25 ID datum : SSN

Social Security number (SSN)

32 Make corrections to : EMEND

The verb “to amend” means “to change for the better, put right, alter by adding”. The related verb “to emend” is used more rarely, and mainly in reference to the editing of professional writing. Both terms are derived from the Latin “emendare” meaning “to remove fault”.

33 Surname of the Incredibles : PARR

“The Incredibles” is a 2004 animated feature from Pixar, and not a great movie if you ask me. But asking me probably isn’t a good idea, as the film won two Oscars …

34 Big bungle : SNAFU

“SNAFU” is an acronym standing for “situation normal: all fouled up” (well, that’s the polite version!). As one might perhaps imagine, the term developed in the US Army, during WWII.

35 Philosopher who favored simple explanations : OCCAM

Ockham’s Razor (also “Occam’s Razor”) is a principle in philosophy and science that basically states that the simplest explanation is usually the correct one. This explanation is a corollary to the more exact statement of the principle, that one shouldn’t needlessly use assumptions in explaining something. The principle is referred to as “lex parsimoniae” in Latin, or “the law of parsimony”. Parsimony is being thrifty with money or resources.

36 Gritty films, informally : NOIRS

The expression “film noir” has French origins, but only in that it was coined by a French critic in describing a style of Hollywood film. The term, meaning “black film” in French, was first used by Nino Frank in 1946. Film noir often applies to a movie with a melodramatic plot and a private eye or detective at its center. Good examples would be “The Big Sleep” and “D.O.A”.

39 Prefix with -plasmic : ECTO-

The endoplasm is the inner part of a cell’s cytoplasm, and the ectoplasm is the outer part.

42 Dry wind in the Sahara : SIROCCO

A sirocco is a warm, dry and often dusty wind that originates in the Arabian or Sahara desert, and blows across the Mediterranean onto the Southern European coast.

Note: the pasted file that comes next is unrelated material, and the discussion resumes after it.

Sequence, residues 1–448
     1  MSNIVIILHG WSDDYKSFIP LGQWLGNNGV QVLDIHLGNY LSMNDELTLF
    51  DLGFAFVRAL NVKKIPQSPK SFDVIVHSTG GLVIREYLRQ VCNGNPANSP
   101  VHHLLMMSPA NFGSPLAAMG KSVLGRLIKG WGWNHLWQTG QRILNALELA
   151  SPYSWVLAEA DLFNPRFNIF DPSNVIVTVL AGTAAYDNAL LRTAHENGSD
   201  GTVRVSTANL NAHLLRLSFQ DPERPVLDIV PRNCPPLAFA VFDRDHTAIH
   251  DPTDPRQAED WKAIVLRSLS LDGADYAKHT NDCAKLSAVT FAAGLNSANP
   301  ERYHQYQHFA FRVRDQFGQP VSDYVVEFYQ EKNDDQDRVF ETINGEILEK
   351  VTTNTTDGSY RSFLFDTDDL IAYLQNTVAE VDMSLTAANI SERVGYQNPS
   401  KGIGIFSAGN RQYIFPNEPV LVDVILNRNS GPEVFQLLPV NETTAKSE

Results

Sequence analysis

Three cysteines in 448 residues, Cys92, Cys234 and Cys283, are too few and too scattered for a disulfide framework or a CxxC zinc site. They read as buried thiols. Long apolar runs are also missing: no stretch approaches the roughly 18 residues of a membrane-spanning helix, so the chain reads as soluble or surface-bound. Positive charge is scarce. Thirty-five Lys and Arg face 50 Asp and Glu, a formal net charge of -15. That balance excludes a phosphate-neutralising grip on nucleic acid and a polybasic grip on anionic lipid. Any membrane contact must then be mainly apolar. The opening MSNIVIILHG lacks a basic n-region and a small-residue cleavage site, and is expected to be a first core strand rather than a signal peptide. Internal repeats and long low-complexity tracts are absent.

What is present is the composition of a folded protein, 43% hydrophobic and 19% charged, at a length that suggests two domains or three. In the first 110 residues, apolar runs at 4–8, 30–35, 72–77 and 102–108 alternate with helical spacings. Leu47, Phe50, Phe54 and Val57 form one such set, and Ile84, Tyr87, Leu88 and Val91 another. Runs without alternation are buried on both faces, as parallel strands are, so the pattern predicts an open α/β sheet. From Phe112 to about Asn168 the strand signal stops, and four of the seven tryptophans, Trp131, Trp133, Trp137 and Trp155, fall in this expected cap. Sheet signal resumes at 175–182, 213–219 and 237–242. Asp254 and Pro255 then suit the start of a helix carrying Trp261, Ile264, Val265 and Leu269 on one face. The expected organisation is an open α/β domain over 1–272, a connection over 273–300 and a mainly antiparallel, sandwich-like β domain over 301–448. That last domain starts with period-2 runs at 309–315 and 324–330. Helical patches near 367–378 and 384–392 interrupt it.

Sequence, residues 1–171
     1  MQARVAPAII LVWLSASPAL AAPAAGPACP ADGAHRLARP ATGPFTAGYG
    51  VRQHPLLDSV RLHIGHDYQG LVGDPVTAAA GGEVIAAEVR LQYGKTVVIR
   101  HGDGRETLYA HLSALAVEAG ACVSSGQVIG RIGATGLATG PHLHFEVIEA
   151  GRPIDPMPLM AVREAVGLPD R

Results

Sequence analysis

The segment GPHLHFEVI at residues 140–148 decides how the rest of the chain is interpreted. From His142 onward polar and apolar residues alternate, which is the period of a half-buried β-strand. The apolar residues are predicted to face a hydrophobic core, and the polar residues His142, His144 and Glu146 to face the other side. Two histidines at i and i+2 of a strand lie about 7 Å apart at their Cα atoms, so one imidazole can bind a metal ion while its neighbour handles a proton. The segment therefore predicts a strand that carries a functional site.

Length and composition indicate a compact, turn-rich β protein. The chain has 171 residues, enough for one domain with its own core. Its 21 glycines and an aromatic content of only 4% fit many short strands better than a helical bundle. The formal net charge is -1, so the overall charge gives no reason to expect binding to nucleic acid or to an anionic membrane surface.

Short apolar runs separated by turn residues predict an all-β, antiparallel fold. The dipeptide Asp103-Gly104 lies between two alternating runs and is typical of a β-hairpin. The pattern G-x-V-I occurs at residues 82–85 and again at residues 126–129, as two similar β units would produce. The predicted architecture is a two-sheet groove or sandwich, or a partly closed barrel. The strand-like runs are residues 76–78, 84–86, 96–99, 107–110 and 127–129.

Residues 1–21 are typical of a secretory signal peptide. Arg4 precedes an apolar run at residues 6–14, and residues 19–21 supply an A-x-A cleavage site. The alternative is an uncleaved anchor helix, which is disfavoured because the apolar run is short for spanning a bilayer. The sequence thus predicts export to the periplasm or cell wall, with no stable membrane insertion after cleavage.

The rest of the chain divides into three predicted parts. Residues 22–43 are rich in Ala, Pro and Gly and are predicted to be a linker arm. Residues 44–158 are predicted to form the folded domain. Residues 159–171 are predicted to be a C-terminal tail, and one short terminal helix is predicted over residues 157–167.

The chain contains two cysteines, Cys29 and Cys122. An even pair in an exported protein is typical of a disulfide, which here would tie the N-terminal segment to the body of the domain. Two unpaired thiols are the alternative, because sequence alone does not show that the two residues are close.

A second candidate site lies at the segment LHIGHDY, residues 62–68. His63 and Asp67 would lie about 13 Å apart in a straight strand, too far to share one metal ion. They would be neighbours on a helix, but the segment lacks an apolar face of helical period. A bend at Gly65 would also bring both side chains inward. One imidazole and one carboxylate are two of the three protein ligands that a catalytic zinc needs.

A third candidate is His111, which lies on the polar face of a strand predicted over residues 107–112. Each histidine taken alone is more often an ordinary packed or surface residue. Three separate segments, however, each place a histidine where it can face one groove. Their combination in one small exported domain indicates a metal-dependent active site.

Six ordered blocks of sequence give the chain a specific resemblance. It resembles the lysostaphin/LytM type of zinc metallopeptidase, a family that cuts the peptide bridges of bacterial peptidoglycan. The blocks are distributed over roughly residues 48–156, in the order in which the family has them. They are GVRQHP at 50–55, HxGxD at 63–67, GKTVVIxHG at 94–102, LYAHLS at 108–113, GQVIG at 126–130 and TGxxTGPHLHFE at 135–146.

44 Issa of “Insecure” : RAE

Issa Rae is a Stanford University graduate who created a YouTube web series called “The Mis-Adventures of Awkward Black Girl”. Rae also plays the title role in the series, a young lady named “J”. “Awkward Black Girl” was adapted into an HBO comedy-drama called “Insecure”, in which Issa Rae stars.

48 Many a sight on the Suez Canal : OILER

The Suez Canal connects the Mediterranean Sea with the Red Sea. The canal took ten years to construct, and opened in 1869. The northern terminus of the waterway is Port Said, and the southern is Port Tewfik in the city of Suez, which gives the canal its name. There are no locks on the Suez Canal, and there is only “one-lane” navigation available. There are two spots in the canal where ships travelling in opposing directions can pass each other. A second canal is now under construction that will cover half the route of the existing canal. When completed, the Suez Canal will be able to handle 97 ships a day, up from the current capacity of 49 ships per day.

51 Brand name that means “exquisite” in Japanese : SEIKO

Watch manufacturer Seiko was founded as a watch and jewelry shop in Tokyo in 1881. The store was opened by one Kintaro Hattori, who started to produce clocks under the name Seikosha, which can be translated as “House of Exquisite Workmanship”. The first Seiko watches went on sale in 1924, and today the company suggests that the name “Seiko” is Japanese for “exquisite” and “success”.

57 8-Down’s northern neighbor: Abbr. : ONT

The Canadian province of Ontario takes its name from the Great Lake. In turn, Lake Ontario’s name is thought to be derived from “Ontari:io”, a Huron word meaning “great lake”. Ontario is home to the nation’s capital of Ottawa as well as Toronto, Canada’s most populous city (and the capital of the province).

59 M.L.B.’s “10th men” : DHS

Baseball’s American League (AL) allows a designated hitter (DH) in each team’s lineup, whereas the National League (NL) does not.

61 1940s combat zone, in brief : ETO

European Theater of Operations (ETO)

62 Extra in a procedural : COP

“To cop” was northern-English dialect for “to seize, catch”, and is still a slang term meaning “to get hold of, steal”. This verb evolved in the noun “copper”, describing a policeman, someone who catches criminals. “Copper” is often shortened to “cop”.

Complete List of Clues/Answers

Across

1 “Yep, took care of it!” : SURE DID!
8 King-like, in a way : MACABRE
15 Turn into a cliché : OVERUSE
16 Wrongly : IN ERROR
17 City transport, redundantly : TAXICAB (tack-C-cab)
18 Most common mineral in the human body : CALCIUM (cal-C-um)
19 Severe : HARSH
21 Court proceedings : ACTA
22 Gentle, mild-mannered sort : PUSSYCAT (puss-C-cat)
26 Gets one’s feet wet? : WADES
28 Goes (for) : OPTS